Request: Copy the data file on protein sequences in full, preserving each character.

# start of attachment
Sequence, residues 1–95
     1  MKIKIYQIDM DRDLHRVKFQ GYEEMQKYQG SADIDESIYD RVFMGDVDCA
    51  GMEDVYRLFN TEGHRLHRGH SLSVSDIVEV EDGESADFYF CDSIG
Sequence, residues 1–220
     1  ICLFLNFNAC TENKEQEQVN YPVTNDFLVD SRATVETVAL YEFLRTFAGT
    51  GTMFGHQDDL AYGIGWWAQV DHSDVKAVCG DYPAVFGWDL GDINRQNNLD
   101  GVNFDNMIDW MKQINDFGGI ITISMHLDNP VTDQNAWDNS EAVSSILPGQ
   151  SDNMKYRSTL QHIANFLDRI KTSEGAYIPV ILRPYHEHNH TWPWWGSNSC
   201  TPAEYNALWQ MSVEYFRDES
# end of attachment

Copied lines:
Sequence, residues 1–95
     1  MKIKIYQIDM DRDLHRVKFQ GYEEMQKYQG SADIDESIYD RVFMGDVDCA
    51  GMEDVYRLFN TEGHRLHRGH SLSVSDIVEV EDGESADFYF CDSIG
Sequence, residues 1–220
     1  ICLFLNFNAC TENKEQEQVN YPVTNDFLVD SRATVETVAL YEFLRTFAGT
    51  GTMFGHQDDL AYGIGWWAQV DHSDVKAVCG DYPAVFGWDL GDINRQNNLD
   101  GVNFDNMIDW MKQINDFGGI ITISMHLDNP VTDQNAWDNS EAVSSILPGQ
   151  SDNMKYRSTL QHIANFLDRI KTSEGAYIPV ILRPYHEHNH TWPWWGSNSC
   201  TPAEYNALWQ MSVEYFRDES